Roundstone Native Seed
Randy Seymour's interest in native warm-season grasses began more
than 10 years ago. It was then Seymour
discovered remnant stands of the grasses on the 1,800-acre Hart County
farm he owns with his son John.
John Seymour (left) Randy Seymour (right)
In what began as an effort to restore the native heritage of their own land and encouraged by the Nature Conservancy, the Seymours founded Roundstone Native Seed. The company is now a major producer of native warm-season grasses in the Southeast.
John Seymour has designed and built much of the company's equipment. A $177,600 grant from the Agricultural Development Fund in 2002 helped the Seymours expand their operation by providing funding for special harvesting and cleaning equipment and storage facilities. Roundstone's gross sales have doubled every year since it was founded, and the Seymours expect sales to reach $1.25 million for 2004-2005.
More than 30 other cooperating farm operations across the state help produce Roundstone's seed and also reap income from the enterprise.
Much of that seed is purchased for conservation and wildlife habitat programs, both government-sponsored and those run by private organizations.
The Seymours work with the College of Agriculture to compare quality
and yield of different varieties of native grasses for forage production
and to study the benefits of using native warm-season forages to complement
Kentucky's Choice Homegrown Beef
Jeff Settles is a third-generation tobacco farmer in Washington County who is now making more money producing cattle than tobacco. He is also helping other farmers learn to do the same.
Jeff Settles (left) Rick Greenwell (right)
Settles, three other Washington County cattle producers, and St. Catharine Farm near Springfield produce Kentucky's Choice Homegrown Beef, a venture that follows two decades of selling beef straight to freezer in private sales.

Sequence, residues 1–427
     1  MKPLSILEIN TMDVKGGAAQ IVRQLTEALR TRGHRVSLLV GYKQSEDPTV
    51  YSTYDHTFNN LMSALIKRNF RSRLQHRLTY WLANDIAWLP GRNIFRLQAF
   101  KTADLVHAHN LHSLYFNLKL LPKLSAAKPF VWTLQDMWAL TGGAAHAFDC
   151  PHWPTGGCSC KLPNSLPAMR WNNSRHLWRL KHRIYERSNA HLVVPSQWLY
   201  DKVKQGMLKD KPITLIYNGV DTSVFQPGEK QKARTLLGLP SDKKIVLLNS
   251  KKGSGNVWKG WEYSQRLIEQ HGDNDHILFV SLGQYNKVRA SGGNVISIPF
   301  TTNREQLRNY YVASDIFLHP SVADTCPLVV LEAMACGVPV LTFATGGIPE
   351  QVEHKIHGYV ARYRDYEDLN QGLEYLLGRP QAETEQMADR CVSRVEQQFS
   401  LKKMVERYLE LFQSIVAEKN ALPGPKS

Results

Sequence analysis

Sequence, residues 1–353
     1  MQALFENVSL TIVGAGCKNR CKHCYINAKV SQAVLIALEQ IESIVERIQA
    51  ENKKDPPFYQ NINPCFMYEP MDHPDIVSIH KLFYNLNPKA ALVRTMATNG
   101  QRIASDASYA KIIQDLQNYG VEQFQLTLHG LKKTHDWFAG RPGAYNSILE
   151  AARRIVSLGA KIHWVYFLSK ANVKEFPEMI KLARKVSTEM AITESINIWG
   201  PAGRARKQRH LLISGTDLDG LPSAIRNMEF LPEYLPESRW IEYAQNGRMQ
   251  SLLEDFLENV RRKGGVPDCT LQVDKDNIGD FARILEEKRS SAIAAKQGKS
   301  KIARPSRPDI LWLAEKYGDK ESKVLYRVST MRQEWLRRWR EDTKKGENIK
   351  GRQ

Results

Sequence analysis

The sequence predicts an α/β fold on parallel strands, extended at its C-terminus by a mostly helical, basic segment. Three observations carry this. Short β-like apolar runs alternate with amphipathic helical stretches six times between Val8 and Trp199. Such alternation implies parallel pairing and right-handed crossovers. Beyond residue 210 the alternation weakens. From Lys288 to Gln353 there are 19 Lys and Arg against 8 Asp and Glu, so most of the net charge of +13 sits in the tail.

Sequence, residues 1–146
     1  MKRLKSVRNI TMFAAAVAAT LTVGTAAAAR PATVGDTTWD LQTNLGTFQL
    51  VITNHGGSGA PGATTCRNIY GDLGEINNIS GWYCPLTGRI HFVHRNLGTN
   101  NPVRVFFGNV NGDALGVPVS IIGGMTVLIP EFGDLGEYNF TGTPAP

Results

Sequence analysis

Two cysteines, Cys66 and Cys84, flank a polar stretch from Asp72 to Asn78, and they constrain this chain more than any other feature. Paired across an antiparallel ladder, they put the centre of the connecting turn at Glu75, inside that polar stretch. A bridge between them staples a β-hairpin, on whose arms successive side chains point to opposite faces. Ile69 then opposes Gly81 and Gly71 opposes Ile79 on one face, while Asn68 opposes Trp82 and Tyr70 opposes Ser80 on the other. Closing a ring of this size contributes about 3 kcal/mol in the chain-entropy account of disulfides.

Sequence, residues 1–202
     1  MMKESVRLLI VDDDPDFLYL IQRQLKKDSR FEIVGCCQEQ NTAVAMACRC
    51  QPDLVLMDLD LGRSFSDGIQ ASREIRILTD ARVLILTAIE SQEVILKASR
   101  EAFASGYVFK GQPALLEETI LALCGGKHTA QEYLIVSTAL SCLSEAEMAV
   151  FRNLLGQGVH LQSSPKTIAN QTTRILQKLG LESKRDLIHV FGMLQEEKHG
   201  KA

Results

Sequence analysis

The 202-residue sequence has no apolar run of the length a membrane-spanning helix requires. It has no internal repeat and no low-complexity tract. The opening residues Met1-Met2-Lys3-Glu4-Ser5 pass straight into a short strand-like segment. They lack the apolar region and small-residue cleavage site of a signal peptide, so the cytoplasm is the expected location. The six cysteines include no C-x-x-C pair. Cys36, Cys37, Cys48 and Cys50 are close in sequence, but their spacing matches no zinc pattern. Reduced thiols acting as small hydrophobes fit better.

As Settles puts it, the antibiotic- and hormone-free Kentucky's Choice
Homegrown Beef is "bred, born, raised, and finished in Washington
include St. Catharine College and Kentucky
Heritage Meats, a wholesale/retail outlet in Louisville.
"People were interested in buying from someone they knew," Settles said.
Settles also has worked as a regional facilitator for the Kentucky Beef Network since it was established in 2001 with money from the Agricultural Development Fund (ADF). He helps cattle producers understand all the tools and techniques available to help them produce a high-quality, profitable product.
Settles relies on both county extension agents and extension specialists for information and on-site expertise. "We complement each other," Settles said.
In Washington County, for example, Settles has worked closely with Rick Greenwell, Washington County's extension agent for agriculture and natural resources, to develop a program that incorporates access to ADF model programs for beef production.
So far, over $170 million in Agricultural Development Fund money has gone to help farmers make the transition from a tobacco economy. This is just the beginning. Kentucky has a momentous opportunity to build a stronger and more vibrant agricultural economy. With the tobacco buyout, more financial resources now are available to producers, bolstering the ADF and College resources already in place to help them diversify.